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Monday, July 28, 2008

The New Packing Shed

Putting the uprights on the concrete footers

Just about ready to put the decking on

Eugene and Mark putting last bit of decking on the porch.

Mark nailing the roof onto the structure

The finished product

Last week we took a space that was being used to "store" trash metal and turned it into a useful and beautiful packing shed/wash porch by Thursday. I was hoping to post several pictures of the construction but I did not realize that I did not have the memory card in my camera and the images are now stuck in the camera's memory because I cannot find the proper USB cable to hook the thing into my computer and get everything off of the camera's memory (which is now full so I wonder what else is on there?).

At the 127 yard sale I found the cable I needed to download the picture that were in the camera and as you can see I have now posted them. The 7 or so pictures I took of this construction filled up the camera's memory. Good thing they make memory cards.

Building this thing was really stressful and quite expensive (around $1600 for lumber, nails, concrete, metal roofing) Our friend Mark had quoted us about half that price for materials as he was going by 2007 prices and did not realize the price of everything has gone up 100% to 400% in the past 6 months.

Fortunately, we are have a great growing and marketing year so can afford the more expensive materials and this will allow us to to do more work more easily. I made good use of it Friday and it works well and makes me feel good just to look at it.

Wednesday, July 16, 2008

Just 21 Days...

Just 21 days until the annual 127 Yard sale, AKA "The World's Longest Yard Sale"

We will be doing this once again as it is such a fun weekend. We will have a nice mix of junque including a Hammond organ, tools, old record albums (by old I mean from the 1930's, 40's and 50's), china, old computers and printers, stereo equipment, porcelain tile, etc.. And we will have lots of fresh produce grown in our market garden. Plus we will have Jule's back with her knives and such

Vendors, if you are looking for prime space for this multi state event we have it. $10 a day or $30 for the entire 4 days for a 15' x 15' space. You provide your own tables, tents, chairs, water etc.. You can camp on your site for no additional charge. We will have a port o' john on site for public use. We are less than 3 miles south of I-70 so easy to get to from Columbus, Indy, etc..
if interested go to for contact information

Sunday, July 13, 2008

Wotta Market/Wotta a Year (so far)

What a day we had at the farmers market yesterday. We showed up with over 130 boxes of red raspberries, strawberries and black raspberries and sold all but 6 of them at $3.50 to $5 a box. We also had the first tomatoes of the season for the market (actually it was last week we had the first tomatoes of the season but this week we were still the only people with fresh home grow maters) And this was despite the weather that, regardless of the assurances of the weather profits that rain would be light and intermittent and certainly not a washout, was a gully washer complete with air to ground lightening and thunder that lasted for about 2 hours. I would call that a washout.

But washouts don't seem to keep dedicated locavores away from the market. Customer traffic was good for most of the market and we did great sales of berries and few other things (tomatoes, scallions, peas). Scott Downing, next to us, sold all of his sweet corn and peaches as well as most of his yellow plums. The farmers who had no fruit did not seem to fair as well. I saw a lot of onions and beets sitting on tables at the end of the market (we had poor onion and beet sales as well).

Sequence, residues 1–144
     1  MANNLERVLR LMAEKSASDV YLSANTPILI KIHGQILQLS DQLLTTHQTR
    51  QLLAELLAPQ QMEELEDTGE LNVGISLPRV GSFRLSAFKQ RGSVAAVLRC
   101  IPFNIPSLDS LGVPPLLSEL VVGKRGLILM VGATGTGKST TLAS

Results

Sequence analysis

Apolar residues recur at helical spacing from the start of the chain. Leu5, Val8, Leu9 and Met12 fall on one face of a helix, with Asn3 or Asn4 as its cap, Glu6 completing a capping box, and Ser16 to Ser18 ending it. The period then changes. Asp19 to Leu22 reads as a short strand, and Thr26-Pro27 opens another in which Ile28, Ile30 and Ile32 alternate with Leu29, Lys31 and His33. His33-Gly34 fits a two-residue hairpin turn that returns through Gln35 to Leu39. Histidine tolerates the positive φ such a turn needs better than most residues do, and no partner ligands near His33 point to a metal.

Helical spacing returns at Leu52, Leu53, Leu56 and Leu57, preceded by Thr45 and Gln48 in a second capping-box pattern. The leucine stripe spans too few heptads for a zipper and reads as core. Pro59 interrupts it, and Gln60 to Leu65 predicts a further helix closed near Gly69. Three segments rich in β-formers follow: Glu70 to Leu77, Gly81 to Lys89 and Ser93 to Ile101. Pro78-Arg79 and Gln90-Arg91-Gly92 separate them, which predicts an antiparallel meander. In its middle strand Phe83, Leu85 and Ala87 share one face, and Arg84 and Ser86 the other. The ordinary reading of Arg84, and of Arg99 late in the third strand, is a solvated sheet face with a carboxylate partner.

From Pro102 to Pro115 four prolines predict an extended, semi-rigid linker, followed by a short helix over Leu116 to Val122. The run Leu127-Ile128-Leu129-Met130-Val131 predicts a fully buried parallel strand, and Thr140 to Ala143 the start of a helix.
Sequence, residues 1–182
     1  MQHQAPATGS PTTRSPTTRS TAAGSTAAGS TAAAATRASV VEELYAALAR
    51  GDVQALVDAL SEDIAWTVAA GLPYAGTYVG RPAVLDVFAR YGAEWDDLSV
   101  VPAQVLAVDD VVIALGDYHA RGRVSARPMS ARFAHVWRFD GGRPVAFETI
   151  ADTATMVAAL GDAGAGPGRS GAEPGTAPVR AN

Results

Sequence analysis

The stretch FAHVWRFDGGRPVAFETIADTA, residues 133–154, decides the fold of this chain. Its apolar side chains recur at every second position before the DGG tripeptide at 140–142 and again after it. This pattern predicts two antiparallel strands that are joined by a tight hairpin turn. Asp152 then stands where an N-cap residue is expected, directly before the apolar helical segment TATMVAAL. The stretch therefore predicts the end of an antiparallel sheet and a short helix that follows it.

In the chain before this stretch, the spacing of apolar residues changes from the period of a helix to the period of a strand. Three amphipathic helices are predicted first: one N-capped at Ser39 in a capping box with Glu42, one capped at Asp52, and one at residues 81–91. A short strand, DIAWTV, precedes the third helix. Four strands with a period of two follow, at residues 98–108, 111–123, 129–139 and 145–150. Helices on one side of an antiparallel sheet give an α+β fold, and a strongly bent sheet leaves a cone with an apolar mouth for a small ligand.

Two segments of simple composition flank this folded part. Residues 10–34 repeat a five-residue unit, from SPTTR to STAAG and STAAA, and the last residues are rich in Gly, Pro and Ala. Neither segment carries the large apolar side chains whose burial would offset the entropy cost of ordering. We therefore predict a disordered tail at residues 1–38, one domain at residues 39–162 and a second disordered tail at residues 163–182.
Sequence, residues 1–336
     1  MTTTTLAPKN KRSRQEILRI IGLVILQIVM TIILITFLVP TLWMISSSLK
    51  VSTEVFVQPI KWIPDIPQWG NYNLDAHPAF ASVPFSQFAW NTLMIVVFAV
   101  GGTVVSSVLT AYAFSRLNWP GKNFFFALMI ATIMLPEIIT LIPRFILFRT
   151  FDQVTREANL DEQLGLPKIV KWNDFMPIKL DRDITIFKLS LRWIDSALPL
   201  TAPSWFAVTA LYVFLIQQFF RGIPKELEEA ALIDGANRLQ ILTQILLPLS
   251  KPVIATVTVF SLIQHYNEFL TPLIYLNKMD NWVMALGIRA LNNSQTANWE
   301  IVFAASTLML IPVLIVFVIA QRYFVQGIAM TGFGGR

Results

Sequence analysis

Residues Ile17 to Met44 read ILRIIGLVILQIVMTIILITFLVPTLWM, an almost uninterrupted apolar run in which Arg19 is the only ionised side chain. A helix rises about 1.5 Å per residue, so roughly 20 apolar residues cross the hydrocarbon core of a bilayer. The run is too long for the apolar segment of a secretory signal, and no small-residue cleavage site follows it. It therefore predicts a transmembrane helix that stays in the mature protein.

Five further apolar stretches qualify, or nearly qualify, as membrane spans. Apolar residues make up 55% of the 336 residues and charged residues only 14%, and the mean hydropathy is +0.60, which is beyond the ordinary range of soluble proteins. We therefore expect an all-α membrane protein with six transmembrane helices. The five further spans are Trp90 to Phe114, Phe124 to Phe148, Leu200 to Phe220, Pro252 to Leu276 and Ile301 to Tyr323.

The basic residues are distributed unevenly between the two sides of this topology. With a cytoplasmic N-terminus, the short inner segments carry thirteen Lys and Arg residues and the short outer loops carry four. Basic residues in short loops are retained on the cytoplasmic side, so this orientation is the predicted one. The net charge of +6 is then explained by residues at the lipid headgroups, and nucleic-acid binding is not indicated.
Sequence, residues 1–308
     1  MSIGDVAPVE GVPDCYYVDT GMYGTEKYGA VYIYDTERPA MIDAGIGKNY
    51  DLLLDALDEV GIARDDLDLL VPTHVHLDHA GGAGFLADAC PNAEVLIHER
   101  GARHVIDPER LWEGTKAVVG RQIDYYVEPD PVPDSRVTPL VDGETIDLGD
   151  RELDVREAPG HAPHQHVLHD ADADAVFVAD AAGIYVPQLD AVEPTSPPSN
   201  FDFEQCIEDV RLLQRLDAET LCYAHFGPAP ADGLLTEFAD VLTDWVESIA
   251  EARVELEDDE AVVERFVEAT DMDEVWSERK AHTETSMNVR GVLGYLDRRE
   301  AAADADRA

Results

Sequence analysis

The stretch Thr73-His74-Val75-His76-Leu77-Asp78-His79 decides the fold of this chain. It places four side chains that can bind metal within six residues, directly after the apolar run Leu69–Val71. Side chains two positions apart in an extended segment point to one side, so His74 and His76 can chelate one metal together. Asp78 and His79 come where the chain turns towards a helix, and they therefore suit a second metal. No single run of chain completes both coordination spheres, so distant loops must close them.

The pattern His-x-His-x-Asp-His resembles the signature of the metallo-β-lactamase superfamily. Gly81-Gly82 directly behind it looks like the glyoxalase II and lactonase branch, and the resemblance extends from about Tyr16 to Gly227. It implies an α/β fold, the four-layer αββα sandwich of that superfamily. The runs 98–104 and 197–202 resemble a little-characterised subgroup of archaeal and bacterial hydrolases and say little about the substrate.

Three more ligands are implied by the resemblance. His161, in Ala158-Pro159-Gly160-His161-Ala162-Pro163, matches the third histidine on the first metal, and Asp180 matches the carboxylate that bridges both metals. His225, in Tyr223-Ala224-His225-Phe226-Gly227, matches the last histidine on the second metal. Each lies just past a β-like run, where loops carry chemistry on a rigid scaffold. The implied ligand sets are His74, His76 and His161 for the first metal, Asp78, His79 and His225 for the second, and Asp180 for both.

Money wise we had one of our top ten markets ever (and the 3rd time this year we have had a top 10 market for us) and we did on a week that traditionally quite slow for us. Not to mention, the weather sucked. We have a combination of a great fruit year (growing year in general), a lot of interest in locally raised foods and 14 years of preparing for this. Does this mean we are getting rich? No it does not, but it does mean we are almost making minimum wage for the first time ever as farmers, which means we are economically sustainable and will be sticking around and providing top flight locally raised food to the area locavores for years to come.

I mean it when I say to all of you who come to the store and the farmers markets, thanks for your support, without you we could not do this.

Thursday, July 10, 2008

The Market Garden on the Last Day of Spring

Looking to the NW there are several beds ready for melons (they have black landscape mulch) and some not quite ready for melons (they are bare) the hoop house in the middle of the background is no longer there but the cukes, zukes and melons that it was protecting are, though they are just about done. the other hoop house is still up and has peppers in it. the peppers were a last minute experiment that has worked out well. We had an extra hoop house and I suggested in April that maybe we should set up the hoop house over peppers and so we planted out around 70 peppers plants on black mulch with row covers over top in mid to late April (they went in a couple weeks after the early tomatoes) and this past Tuesday I harvested the first 3 green peppers. The main crop of peppers won't be producing for another 3 to 4 weeks.

This is looking west towards the pepper hoop house and the raspberries. I am standing among the various peas we grow. Under the row covers are various crops such as beets, carrots turnips, melons, winter squash.